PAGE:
Australia’s new e-health system (PCEHR) launched on 1 July. What will it mean for pharmacy? And for health consumers?
Fran Molloy talks to pharmacists who have been involved in the pre-launch trials about the impact on their processes and how their consumers responded ……..
Mediband an E-option for many
Not everyone is sure that the PCEHR will be a success or the best option for storing and accessing their personal health information, nor is everyone sure of its level of security protection. For instance, the information will not be available to Australians who are travelling overseas.
There are a number of other concerns that have been raised about the new government PCEHR system. For consumers who share these concerns, there are other options available, and some of them are indeed available through pharmacies.
One of these is Mediband.
These wristband or wallet-based IT identification devices allows the user to store data allowing access to their vital medical records, when necessary.
Within 12 months of its launch into the channel, 22 per cent of Australian pharmacies were already stocking Mediband, and worldwide, there are around 22,000 users, according to Michael Randall, Mediband’s Australian managing director.
MedibandPlus stores information such as;
• Personal and emergency contacts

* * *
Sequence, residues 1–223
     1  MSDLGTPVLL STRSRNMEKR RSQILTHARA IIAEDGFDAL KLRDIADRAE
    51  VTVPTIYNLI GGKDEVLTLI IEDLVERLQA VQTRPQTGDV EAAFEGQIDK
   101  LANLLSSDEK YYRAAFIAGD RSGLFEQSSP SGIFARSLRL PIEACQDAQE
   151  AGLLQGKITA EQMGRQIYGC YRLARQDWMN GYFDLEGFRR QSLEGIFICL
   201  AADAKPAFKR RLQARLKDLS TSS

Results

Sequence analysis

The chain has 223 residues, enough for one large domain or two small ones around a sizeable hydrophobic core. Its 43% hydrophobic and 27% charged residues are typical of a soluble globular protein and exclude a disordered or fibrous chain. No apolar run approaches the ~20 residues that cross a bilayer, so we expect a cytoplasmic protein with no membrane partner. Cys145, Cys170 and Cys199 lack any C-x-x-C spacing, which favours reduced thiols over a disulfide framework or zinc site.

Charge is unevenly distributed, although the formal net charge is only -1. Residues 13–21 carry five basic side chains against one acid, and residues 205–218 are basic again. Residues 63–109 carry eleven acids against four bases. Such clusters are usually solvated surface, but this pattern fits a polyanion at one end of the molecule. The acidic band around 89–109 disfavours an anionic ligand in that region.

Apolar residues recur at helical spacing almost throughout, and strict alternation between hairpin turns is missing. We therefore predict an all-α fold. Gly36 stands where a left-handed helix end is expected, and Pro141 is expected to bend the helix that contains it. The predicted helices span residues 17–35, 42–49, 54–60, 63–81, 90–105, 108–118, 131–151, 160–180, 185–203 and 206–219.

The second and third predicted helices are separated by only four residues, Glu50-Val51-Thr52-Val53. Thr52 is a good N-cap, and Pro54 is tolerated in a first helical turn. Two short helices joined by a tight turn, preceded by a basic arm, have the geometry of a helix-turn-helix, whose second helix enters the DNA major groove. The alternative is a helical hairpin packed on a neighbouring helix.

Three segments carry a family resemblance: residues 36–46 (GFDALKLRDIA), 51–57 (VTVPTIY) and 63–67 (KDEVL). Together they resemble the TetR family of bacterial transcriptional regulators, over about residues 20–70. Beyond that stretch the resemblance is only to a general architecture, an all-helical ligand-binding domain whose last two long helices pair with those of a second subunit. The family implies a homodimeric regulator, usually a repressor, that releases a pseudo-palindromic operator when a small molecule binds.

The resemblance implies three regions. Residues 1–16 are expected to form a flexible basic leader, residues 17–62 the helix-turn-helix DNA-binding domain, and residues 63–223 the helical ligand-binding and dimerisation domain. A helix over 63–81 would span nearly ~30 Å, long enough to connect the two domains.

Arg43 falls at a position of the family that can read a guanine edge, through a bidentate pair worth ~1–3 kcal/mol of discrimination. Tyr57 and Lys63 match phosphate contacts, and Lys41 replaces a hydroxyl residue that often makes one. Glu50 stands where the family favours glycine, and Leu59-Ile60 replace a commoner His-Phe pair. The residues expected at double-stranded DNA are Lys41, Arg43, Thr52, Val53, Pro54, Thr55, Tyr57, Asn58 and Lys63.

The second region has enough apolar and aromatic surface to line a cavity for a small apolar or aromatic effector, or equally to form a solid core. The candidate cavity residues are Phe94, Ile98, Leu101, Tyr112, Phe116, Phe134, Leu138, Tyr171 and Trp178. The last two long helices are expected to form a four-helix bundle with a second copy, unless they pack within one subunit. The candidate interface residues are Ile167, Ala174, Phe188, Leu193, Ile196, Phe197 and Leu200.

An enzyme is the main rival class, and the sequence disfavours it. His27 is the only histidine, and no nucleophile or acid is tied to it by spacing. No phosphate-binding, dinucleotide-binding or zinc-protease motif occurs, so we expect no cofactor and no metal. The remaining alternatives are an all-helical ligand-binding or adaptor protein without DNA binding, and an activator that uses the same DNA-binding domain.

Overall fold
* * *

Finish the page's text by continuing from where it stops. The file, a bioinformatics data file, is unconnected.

• Current medications
• Medical notes & unique identifying marks e.g blood type.
• Physician information
• Surgical and implant history
• Donor wishes
Records are easily updated and managed. Whilst personal details are encrypted and password protected, the privacy level of each information field can be set to public, hospitals only, or to private.
An emergency contact email alert informs loved ones quickly in cases of emergency.
Mr Randall says that the simple device offers a number of advantages that will most likely not be available under the PCEHR, in addition to its high, and adjustable, levels of privacy and security.
People with serious health conditions, those with chronic diseases, anyone at risk of being unconscious and not being able to speak themselves in an emergency would benefit from using the device, he believes. “Users of Warfarin, diabetes patients, people with anaphylaxis need to have some sort of device that can alert people, including members of the general public, during an emergency and will benefit from owning this device.”
For more information, visit: http://www.medibandplus.com
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